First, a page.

Monday, May 5, 2014

Raising our Kids - File Number One

The post is the first of a series of posts I am writing about parenting - specifically, what Marcos and I do with our kids.  I am very self-conscious about putting this out into the world - not because I feel shy about our techniques, but because it could easily be seen as a bit of self-glorification and that is not the spirit in which it was written.  We simply received the question one day of "what do you do with your kids", which got us thinking "hmm, what DO we do with our kids?", which turned into a bullet list we brainstormed during a road trip, which turned into feelings of complete overwhelm as I realized how long the bullet list was, and then it turned into this.  I thought to flesh out our bullet list in a private letter to the asker of this question, and then figured that since I'm taking time to write, I might as well put it in our blog so that I will always have these thoughts in our family history.

And then, of course, if our kids feel traumatized in later life they can look back and see where we went wrong, and know how to be wiser than we have been.  But so far so good... right?

So, these are a few things we feel are essential parts of our parenting.  Parenting in the style of Metta and Marcos Prieto.  
  • Teaching about the world.  Even as far back as high school, I was always impressed with parents who answered their kid's questions thoughtfully and thoroughly.  We have tried to do that for Gigi as she has become a sentient, curious little human being, and I love her hunger for information.  She is constantly asking me why things are the way they are, and how to make things ("mom, how do you make cheese?"), and she asks me to define words she isn't familiar with.  It can be obnoxious at times to hear why, why, why, but I try to remind myself that her curiosity is what will give her the information she needs in order to one day RULE THE WORLD.  Or whatever path she chooses to pursue, of course...  I also recently came across an article that has helped me to differentiate my approach: in the past, whenever Gigi asked questions to which I did not know the answer, my response was, "let's go look it up online".  I wanted to provide her with an immediate, solid answer.  However, in my recent readings I was reminded that not all questions need a concrete response, and that encouraging a child to use their imagination to come to different possible answers to their questions can be very beneficial.  We want our children to become problem-solving, innovative, creative adults, so letting them spend time in their imaginary world is sometimes a good alternative to rushing to the internet.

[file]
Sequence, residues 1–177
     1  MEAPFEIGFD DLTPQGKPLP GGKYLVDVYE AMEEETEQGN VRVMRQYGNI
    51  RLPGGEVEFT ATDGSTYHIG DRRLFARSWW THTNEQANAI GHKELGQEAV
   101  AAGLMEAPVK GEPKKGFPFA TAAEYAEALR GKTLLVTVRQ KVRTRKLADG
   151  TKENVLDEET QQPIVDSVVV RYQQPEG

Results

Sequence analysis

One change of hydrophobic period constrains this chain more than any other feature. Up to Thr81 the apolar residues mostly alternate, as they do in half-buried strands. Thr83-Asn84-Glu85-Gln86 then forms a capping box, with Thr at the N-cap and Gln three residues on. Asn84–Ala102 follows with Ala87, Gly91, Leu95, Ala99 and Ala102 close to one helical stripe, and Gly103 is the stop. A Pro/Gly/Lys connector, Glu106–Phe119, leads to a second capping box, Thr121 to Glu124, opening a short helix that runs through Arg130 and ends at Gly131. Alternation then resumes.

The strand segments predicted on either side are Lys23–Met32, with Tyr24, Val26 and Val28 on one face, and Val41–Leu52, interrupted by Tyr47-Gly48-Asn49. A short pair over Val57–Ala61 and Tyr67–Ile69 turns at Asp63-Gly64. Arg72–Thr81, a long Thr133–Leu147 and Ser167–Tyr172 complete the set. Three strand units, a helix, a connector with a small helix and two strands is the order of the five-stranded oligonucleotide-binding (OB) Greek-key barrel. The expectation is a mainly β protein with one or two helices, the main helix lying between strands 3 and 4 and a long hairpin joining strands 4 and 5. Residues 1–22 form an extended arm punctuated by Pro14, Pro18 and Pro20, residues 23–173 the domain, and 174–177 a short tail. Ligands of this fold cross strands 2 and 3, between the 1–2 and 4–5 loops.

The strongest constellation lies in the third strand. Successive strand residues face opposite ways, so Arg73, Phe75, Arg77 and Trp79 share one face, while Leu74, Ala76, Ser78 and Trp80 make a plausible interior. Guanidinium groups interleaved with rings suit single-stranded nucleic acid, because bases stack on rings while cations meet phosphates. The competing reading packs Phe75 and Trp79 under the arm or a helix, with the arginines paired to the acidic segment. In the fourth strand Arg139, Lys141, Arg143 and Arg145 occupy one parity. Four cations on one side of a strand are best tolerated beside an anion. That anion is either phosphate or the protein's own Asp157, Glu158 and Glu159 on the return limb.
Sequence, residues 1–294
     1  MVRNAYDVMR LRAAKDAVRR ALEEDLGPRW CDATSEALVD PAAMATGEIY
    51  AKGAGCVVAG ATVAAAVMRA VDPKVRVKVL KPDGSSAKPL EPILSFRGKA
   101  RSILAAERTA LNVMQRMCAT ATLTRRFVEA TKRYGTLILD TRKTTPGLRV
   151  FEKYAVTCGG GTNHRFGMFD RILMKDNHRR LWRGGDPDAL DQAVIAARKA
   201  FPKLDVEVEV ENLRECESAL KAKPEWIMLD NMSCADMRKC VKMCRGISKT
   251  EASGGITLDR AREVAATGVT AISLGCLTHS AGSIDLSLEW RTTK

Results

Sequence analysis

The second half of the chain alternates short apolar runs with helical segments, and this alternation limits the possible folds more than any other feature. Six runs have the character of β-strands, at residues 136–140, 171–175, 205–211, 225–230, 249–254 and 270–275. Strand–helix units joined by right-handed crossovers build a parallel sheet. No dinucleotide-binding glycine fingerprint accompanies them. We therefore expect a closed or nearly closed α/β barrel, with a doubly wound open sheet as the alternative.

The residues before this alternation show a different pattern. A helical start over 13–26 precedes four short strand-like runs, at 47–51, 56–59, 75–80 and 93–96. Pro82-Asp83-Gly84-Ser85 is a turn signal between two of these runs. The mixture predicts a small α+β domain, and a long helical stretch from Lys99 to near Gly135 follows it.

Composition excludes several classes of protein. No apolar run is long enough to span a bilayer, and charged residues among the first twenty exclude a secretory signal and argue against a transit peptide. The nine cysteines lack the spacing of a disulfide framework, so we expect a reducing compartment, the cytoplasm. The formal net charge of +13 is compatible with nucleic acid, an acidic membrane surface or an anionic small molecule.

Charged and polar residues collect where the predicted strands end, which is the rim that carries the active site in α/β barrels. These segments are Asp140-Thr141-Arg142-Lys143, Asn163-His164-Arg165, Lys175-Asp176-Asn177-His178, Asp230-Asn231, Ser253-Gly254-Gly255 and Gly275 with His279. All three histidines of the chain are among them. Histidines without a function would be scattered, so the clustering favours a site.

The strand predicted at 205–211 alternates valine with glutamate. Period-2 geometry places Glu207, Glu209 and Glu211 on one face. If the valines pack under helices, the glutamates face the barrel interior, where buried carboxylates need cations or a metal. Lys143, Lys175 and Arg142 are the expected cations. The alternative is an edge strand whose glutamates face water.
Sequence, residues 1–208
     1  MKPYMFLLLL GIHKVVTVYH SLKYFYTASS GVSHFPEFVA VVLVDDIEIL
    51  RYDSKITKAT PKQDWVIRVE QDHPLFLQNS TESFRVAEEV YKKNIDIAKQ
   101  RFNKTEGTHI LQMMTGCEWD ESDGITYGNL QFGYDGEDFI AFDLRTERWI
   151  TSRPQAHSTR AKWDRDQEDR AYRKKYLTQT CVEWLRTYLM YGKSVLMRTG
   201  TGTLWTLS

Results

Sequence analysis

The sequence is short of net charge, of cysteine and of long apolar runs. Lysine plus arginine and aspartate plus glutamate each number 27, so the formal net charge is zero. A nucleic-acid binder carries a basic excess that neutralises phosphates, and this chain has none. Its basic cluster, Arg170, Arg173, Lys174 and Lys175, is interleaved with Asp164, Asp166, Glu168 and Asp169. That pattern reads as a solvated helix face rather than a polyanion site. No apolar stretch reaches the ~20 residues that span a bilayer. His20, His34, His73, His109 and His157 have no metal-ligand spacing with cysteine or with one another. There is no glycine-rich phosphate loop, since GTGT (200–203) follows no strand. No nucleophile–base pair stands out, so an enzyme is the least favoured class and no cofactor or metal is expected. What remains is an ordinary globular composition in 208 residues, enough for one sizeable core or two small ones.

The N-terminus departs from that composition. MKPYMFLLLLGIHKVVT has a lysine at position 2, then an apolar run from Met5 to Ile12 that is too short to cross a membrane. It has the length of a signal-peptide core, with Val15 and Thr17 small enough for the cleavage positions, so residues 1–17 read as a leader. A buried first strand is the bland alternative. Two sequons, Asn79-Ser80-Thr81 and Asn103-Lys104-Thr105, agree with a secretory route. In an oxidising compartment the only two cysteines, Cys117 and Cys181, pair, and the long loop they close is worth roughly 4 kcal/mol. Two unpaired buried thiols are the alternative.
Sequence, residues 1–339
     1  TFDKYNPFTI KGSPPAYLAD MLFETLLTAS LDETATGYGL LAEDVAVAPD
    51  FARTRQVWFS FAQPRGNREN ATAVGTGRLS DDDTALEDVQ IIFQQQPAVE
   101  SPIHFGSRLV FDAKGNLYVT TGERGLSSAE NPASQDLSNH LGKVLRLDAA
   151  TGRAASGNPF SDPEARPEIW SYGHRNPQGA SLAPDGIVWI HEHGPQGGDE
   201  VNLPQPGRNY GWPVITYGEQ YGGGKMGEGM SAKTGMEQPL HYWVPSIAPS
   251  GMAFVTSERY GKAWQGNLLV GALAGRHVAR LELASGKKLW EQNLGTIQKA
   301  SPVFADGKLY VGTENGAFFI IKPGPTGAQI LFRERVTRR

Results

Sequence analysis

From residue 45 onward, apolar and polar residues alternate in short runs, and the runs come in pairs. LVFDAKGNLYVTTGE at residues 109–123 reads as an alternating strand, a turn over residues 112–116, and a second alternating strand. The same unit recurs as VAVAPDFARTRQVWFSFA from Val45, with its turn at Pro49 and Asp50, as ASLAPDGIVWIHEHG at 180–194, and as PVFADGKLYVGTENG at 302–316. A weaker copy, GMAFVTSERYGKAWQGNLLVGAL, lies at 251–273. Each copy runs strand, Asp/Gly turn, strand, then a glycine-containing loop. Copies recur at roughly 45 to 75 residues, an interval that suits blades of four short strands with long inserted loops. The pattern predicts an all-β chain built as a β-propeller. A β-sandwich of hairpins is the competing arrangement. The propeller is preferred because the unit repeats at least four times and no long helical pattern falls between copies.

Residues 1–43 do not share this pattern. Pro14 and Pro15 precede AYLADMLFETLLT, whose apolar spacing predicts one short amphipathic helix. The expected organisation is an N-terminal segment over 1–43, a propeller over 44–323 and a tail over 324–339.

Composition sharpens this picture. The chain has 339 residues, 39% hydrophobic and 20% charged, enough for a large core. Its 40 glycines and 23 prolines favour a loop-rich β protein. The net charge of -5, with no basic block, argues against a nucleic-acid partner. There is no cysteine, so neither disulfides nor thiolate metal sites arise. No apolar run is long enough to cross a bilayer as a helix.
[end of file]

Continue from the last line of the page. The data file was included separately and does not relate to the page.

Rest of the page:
• Using complex vocabulary.  I figure the best way for our kids to have a good handle on our native tongue is to hear a wide range of words used in context as they are growing up, and so we have not made our language overly child-friendly through the years that our children are learning to speak and communicate.  There are probably occasional miscommunications, and often Gigi asks us to define words she does not understand, but the result is that she has a good vocabulary and some ideas about interesting concepts.